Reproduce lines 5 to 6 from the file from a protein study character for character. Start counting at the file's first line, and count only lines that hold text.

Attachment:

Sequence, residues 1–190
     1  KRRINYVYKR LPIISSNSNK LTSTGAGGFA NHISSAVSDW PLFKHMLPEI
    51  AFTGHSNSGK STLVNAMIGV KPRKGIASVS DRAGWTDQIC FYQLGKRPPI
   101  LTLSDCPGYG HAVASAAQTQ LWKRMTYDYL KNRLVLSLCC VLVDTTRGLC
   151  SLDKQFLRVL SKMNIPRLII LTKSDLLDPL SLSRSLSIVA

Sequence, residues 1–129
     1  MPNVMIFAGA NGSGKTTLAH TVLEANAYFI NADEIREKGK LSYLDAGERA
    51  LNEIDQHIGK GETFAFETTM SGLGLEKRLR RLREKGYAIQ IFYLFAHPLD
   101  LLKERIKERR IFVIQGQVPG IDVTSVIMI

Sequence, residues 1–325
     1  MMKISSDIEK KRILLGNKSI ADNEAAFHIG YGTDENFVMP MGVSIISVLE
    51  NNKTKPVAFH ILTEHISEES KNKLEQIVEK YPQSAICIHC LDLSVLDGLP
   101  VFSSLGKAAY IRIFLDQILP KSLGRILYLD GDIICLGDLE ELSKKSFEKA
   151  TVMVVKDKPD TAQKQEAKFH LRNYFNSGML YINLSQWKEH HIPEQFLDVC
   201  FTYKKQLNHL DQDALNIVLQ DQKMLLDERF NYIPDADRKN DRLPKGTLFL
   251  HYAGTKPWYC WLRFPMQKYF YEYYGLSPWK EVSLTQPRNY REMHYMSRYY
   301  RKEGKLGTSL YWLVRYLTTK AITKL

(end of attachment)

   151  SLDKQFLRVL SKMNIPRLII LTKSDLLDPL SLSRSLSIVA

Sequence, residues 1–129